Policing the Great Plains: Rangers, Mounties, and the North American Frontier, 1875-1910, by Andrew R. Graybill, reviewed by Robert M. Utley, 581-582
Imagining Future War: The West's Technological Revolution and Visions of Wars to Come, 1880-1914, by Antulio J. Echevarria II, reviewed by John Ferris, 582-584
Russia and Iran in the Great Game: Travelogues and Orientalism, by Elena Andreeva, reviewed by Martin Leer, 584-586
Sea Power Ashore and in the Air, edited by David Stevens and John Reeve, reviewed by Kathleen Broome Williams, 586-587
A Companion to International History 1900-2001, edited by Gordon Martel, reviewed by Martin Horn, 587-588
Savage Century: Back to Barbarism, by Thérèse Delpech, translated by George Holoch, reviewed by Jeremy Black, 588-589
The Echo of Battle: The Army's Way of War, by Brian McAllister Linn, reviewed by Douglas V. Johnson II, 589-590
Amphibious Assault: Manoeuvre from the Sea. From Gallipoli to the Gulf A Definitive Analysis, edited by Tristan Lovering, reviewed by Christopher Mann, 590-591
Wars of Latin America, 1899-1941, by René de la Pedraja, reviewed by Jerry W. Cooney, 592-593
Empires of Intelligence: Security Services and Colonial Disorder after 1914, by Martin Thomas, reviewed by Matthew Hughes, 593-594
The Imperial War Museum Book of 1914: The Men Who Went to War, by Malcolm Brown; The World War I Reader, edited by Michael S. Neiberg, reviewed by Scott E. Belliveau , 595-596
The Good Soldier: The Biography of Douglas Haig, by Gary Mead, reviewed by Peter Simkins, 596-597
America and World War I: A Selected Annotated Bibliography of English Language Sources, by David R. Woodward, reviewed by Jennifer D. Keene, 597-598
Rehearsals: The German Army in Belgium, August 1914, by Jeff Lipkes, reviewed by Wim Klinkert, 598-599
To the Limits of Endurance: A Battalion of Marines in the Great War, by Peter F. Owen, reviewed by Daniel R. Beaver, 600
Friends Or Foes? The United States & Soviet Russia, 1921-1941, by Norman E. Saul, reviewed by Curtis S. King, 601-602
Midway Inquest: Why the Japanese Lost the Battle of Midway, by Dallas Woodbury Isom, reviewed by Anthony Tully, 602-604
Carrier Battles: Command Decision in Harm's Way, by Douglas V. Smith, reviewed by Stephen K. Stein, 604-605
Women of Valor: The Rochambelles on the WWII Front, by Ellen Hampton, reviewed by Rita Kramer, 605-606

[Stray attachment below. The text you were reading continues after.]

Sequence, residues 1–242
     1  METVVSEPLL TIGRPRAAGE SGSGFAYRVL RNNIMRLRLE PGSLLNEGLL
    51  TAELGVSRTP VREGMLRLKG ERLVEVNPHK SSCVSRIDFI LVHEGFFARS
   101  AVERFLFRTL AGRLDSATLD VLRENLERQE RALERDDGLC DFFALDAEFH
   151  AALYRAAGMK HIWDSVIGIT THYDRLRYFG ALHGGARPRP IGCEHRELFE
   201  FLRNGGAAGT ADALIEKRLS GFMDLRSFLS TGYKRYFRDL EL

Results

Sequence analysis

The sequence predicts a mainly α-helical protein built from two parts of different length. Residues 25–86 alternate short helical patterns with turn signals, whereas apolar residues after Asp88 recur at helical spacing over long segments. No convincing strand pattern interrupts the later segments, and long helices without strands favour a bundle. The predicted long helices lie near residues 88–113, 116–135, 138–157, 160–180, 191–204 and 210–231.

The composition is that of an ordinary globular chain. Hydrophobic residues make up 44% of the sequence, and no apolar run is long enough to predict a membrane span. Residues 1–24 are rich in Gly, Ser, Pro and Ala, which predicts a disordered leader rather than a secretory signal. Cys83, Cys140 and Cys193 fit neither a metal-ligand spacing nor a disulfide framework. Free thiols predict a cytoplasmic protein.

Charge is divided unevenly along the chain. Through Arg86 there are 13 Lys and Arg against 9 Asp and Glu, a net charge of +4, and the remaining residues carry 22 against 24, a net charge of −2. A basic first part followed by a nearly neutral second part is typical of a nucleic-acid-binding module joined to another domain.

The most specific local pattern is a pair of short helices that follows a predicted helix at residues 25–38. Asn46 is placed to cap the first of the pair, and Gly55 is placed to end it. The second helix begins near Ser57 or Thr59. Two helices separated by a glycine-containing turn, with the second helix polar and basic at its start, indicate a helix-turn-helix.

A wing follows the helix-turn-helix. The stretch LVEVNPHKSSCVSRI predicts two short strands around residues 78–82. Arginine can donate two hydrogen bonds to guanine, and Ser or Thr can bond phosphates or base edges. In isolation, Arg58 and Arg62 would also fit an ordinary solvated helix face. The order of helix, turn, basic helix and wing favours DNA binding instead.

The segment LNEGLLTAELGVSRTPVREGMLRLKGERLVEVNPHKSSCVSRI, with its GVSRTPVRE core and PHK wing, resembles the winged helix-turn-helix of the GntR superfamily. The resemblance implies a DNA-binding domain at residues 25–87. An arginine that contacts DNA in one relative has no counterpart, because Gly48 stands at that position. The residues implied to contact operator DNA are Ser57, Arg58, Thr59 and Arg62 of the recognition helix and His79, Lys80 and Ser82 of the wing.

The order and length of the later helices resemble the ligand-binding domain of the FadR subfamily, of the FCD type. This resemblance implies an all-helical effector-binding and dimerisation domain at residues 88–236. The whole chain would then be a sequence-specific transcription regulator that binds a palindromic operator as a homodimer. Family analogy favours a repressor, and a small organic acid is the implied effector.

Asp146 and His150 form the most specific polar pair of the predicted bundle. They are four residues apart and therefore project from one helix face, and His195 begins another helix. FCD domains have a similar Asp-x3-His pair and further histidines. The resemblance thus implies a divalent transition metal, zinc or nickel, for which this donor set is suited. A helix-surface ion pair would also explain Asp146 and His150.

The Normandy Campaign: Sixty Years On, edited by John Buckley, reviewed by Jeff Demers, 607-608
Taught to Kill: An American Boy's War from the Ardennes to Berlin, by John B. Babcock, reviewed by Christopher Hamner, 608-609
Alamo in the Ardennes: The Untold Story of the American Soldiers who Made the Defense of Bastogne Possible, by John C. McManus, reviewed by Roger Cirillo, 609-610
Partners in Command: George Marshall and Dwight Eisenhower in War and Peace, by Mark Perry, reviewed by Daun van Ee, 610-611
Camus at Combat: Writing 1944-1947, edited by Jacqueline Lévi Valensi, reviewed by David A. Messenger, 611-612
The First Vietnam War: Colonial Conflict and Cold War Series, edited by Mark Atwood Lawrence and Fredrik Logevall, reviewed by Douglas Porch, 613-614
Mind Wars: Brain Research and National Defense, by Jonathan D. Moreno, reviewed by Mark F. Leep, 614-616
Learning to Love the Bomb: Canada's Nuclear Weapons During the Cold War, by Sean M. Maloney, reviewed by Alexander W.G. Herd, 616-617
The Korean War: The Essential Bibliography, by Allan Millett, reviewed by Paul M. Edwards, 618
The War That Never Ends: New Perspectives on the Vietnam War, edited by David L. Anderson and John Ernst, reviewed by Peter Maslowski, 619-620
US Special Forces and Counterinsurgency in Vietnam: Military Innovation and Institutional Failure, 1961-1963, by Christopher K. Ives, reviewed by Joseph R. Fischer, 620-622
Red Star Rogue: the Untold Story of a Soviet Submarine's Nuclear Strike Attempt on the U.S., by Kenneth Sewell and Clint Richmond, reviewed by Robert G. Smith, 622-623
Powerful and Brutal Weapons: Nixon, Kissinger, and the Easter Offensive, by Stephen P. Randolph, reviewed by Donald J. Mrozek, 623-624
From Détente to the Soviet Collapse: The Cold War from 1975 to 1991, edited by Malcolm Muir, Jr., reviewed by Jonathan N. House, 624-625
Malvinas: la odisea del submarino Santa Fe, by Jorge Bóveda, reviewed by Blair P. Turner, 625-626
Clausewitz & Contemporary War, by Antulio J. Echevarria II; Clausewitz's On War: A Biography, by Hew Strachan, reviewed by Daniel Moran, 627-628
Clausewitz and America: Strategic Thought and Practice from Vietnam to Iraq, by Stuart Kinross, reviewed by Richard M. Swain, 628-629
Koran, Kalashnikov, and Laptop: The Neo Taliban Insurgency in Afghanistan, by Antonio Giustozzi, reviewed by Lester W. Grau, 630
300. Dir. Jack Snyder. Perf. Gerard Butler, Lena Headley, David Wenham, Rodrigo Santoro, Andrew Tiernan, Vincent Regan. DVD. Warner Bros Entertainment. 2007. Reviewed by Frank J. Wetta, 631-632
BOOKS RECEIVED, 634-640.
RECENT JOURNAL ARTICLES, 641-644.